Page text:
Another way to add depth and interest is to vary the number of strands that you use. The color as well as the weight will cause certain parts to draw your eyes in and other parts to recede. Essentially, you want large details (general face shape, general nose shape, lets) to stand out and add details to compliment and not compete for the observers eye. Maybe the photo below will help to illustrate this.
Now, you will hear people talk a lot about the back of your work. Personally, and this is just MY view, if the back of the piece is being covered I find no point in being particularly neat about your back. If you are doing work on a tea towel or something else where the back will be visible, this is completely different. Portraits can be extensively time consuming so cutting a few corners here and there I feel is reasonable.
That said, there are a few “cardinal sins” you shouldn’t commit and some tips you should remember:
1. Don’t use large knots- These can distort your figure once a backing is placed on your piece or it is framed.
2. Don’t make large jumps- I know that this can be extremely tempting to save time, but you will run the risk of your tension being thrown off and ultimately undermining the look of your work.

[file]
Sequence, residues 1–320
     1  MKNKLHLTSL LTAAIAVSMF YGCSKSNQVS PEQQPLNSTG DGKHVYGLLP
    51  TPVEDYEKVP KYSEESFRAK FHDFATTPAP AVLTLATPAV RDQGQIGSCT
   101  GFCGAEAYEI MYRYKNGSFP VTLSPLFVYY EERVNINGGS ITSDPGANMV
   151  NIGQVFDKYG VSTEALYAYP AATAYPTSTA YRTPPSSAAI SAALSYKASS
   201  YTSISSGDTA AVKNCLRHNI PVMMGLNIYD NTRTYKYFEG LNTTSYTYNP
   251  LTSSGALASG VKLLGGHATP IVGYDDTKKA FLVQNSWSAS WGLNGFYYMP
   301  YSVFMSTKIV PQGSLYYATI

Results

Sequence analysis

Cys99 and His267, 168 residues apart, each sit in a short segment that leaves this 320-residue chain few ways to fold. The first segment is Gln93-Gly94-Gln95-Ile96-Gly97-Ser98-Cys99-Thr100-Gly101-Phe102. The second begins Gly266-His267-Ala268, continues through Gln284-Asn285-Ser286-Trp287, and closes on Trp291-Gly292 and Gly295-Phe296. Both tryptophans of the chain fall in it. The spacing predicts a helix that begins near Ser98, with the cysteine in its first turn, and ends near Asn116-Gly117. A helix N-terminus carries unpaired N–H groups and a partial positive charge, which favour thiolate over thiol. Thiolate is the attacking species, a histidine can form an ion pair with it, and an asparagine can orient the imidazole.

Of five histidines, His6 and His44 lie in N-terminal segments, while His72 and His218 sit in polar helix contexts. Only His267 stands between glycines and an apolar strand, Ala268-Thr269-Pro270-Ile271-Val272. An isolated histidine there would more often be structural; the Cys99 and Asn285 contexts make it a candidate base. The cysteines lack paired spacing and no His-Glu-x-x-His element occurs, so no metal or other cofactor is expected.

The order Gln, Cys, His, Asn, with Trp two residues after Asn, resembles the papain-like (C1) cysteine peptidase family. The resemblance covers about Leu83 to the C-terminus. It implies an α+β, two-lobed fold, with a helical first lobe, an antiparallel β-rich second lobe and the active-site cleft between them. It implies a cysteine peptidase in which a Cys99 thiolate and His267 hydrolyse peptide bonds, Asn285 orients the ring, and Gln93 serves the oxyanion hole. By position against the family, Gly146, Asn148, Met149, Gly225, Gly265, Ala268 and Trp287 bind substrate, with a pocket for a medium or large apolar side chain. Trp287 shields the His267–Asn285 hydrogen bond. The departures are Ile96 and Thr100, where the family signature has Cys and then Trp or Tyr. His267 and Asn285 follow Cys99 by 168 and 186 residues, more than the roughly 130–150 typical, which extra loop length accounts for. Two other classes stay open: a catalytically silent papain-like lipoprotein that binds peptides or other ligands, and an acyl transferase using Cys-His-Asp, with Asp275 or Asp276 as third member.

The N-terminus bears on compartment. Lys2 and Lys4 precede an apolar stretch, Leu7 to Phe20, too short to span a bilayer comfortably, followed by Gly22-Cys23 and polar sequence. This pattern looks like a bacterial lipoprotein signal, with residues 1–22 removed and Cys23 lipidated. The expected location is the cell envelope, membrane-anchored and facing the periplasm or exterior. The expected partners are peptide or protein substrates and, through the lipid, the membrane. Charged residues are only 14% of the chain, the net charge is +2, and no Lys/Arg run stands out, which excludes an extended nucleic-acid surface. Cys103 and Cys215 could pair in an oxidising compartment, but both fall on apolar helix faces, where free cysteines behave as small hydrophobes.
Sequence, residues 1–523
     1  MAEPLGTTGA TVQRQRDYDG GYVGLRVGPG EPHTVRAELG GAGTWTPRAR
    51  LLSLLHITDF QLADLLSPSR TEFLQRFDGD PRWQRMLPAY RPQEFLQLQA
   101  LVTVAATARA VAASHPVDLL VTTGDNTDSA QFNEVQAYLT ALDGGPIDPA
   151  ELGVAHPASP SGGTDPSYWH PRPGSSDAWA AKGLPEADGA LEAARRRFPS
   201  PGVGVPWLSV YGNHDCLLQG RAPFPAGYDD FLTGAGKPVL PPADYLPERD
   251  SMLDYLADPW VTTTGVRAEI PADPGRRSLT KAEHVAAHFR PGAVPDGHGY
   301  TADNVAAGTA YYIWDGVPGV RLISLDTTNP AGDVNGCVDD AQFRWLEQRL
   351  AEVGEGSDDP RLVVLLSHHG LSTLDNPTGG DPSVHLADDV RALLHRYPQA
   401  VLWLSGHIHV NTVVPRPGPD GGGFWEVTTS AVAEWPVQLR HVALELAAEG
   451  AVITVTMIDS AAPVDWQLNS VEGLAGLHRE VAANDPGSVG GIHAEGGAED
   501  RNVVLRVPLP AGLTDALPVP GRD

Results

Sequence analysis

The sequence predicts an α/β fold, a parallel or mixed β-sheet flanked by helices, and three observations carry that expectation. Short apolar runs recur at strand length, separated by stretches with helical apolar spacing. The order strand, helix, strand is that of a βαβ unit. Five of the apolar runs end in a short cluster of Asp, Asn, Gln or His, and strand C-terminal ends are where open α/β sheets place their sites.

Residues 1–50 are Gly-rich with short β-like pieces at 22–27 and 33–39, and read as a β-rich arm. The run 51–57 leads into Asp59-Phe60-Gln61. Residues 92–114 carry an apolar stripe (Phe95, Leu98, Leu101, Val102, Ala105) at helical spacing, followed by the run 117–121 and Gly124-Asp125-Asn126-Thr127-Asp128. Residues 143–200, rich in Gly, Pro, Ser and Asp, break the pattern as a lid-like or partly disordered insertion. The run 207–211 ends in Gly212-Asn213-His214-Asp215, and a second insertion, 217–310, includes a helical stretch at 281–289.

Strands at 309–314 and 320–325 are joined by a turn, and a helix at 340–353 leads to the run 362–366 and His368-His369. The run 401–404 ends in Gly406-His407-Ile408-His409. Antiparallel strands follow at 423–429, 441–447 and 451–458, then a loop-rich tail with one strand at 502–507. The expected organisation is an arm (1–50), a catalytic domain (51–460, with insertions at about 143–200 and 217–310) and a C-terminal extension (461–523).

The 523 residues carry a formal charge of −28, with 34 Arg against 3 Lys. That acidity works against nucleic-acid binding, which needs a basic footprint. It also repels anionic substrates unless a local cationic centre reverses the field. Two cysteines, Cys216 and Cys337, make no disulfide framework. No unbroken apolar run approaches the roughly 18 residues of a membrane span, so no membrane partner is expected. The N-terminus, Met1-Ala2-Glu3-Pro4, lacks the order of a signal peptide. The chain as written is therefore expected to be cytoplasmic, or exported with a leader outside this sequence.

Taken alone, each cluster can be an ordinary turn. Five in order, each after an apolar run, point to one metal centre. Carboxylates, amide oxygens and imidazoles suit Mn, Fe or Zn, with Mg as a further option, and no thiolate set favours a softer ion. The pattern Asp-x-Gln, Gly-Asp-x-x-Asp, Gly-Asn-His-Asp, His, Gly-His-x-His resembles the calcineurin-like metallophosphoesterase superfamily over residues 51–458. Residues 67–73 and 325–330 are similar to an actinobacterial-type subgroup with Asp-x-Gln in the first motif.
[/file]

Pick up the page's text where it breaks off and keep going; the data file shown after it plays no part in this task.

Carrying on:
3. Trim your ends- In the end, long tails will simply trip you up, create tangles, and get pulled through to the front of your work.
4. Don’t cut your thread too long- Too long of thread will bring only tangles, knots and tears. Just don’t. No more than 18-20 inches.
5. Beeswax is your friend- available in a few different forms, beeswax can help the thread to move more readily through, prevent it from tangling on itself, as well as add extra strength to threads. Beeswax can stain your fabric (though I have not personally had any issues) so you may choice to use a thread conditioner such as Thread Haven
6. Roll the needle between your fingers as you stitch in the opposite direction of the twist of the thread. This will help to prevent tangles and knots.
7. Treat yourself to a nice embroidery scissor- This will help you clip thread cleanly which can make threading your needle easier. It will allow you to snip threads with precision, too. In a pinch a small cuticle scissors also seems to work well.
So just for fun I decided to video tape my progress thus far. It took me just about 2 hrs to complete the face as you’ve seen it and the hand (most of the way). I cut out all the boring knot tying and sped it up for you. The quality isn’t great which is making me covet a Gopro head mounted camera- because I’m just not nerdy enough already with my magnifying glasses! Anyway, I hope you enjoy it!
That should cover it. If you have any questions or think I missed something please don’t hesitate to contact me. I would love to see your progress so feel free to tag me on instagram (@holeysocksart) or on FB (HoleySocksArt) or leave me a link to your site or photo in the comments!